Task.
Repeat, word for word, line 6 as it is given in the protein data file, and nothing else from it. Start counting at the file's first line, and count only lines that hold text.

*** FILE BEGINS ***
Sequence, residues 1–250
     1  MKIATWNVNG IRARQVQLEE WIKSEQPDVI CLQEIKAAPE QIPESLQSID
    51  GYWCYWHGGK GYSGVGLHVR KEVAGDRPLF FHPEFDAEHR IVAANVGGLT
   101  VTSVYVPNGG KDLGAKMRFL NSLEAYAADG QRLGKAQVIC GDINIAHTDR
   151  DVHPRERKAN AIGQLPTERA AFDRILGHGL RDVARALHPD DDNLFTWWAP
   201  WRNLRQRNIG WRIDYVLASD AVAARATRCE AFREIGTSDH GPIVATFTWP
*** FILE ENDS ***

   201  WRNLRQRNIG WRIDYVLASD AVAARATRCE AFREIGTSDH GPIVATFTWP